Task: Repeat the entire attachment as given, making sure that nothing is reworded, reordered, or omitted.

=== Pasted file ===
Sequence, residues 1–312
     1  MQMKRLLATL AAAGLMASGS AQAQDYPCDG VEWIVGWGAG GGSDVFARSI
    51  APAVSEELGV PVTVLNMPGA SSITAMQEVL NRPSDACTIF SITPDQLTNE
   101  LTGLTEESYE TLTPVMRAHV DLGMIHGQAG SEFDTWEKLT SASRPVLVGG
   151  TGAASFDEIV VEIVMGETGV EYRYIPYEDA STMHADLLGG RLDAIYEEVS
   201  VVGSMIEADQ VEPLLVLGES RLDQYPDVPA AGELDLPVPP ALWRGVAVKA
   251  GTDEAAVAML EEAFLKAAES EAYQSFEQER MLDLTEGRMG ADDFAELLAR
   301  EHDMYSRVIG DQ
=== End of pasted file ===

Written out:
Sequence, residues 1–312
     1  MQMKRLLATL AAAGLMASGS AQAQDYPCDG VEWIVGWGAG GGSDVFARSI
    51  APAVSEELGV PVTVLNMPGA SSITAMQEVL NRPSDACTIF SITPDQLTNE
   101  LTGLTEESYE TLTPVMRAHV DLGMIHGQAG SEFDTWEKLT SASRPVLVGG
   151  TGAASFDEIV VEIVMGETGV EYRYIPYEDA STMHADLLGG RLDAIYEEVS
   201  VVGSMIEADQ VEPLLVLGES RLDQYPDVPA AGELDLPVPP ALWRGVAVKA
   251  GTDEAAVAML EEAFLKAAES EAYQSFEQER MLDLTEGRMG ADDFAELLAR
   301  EHDMYSRVIG DQ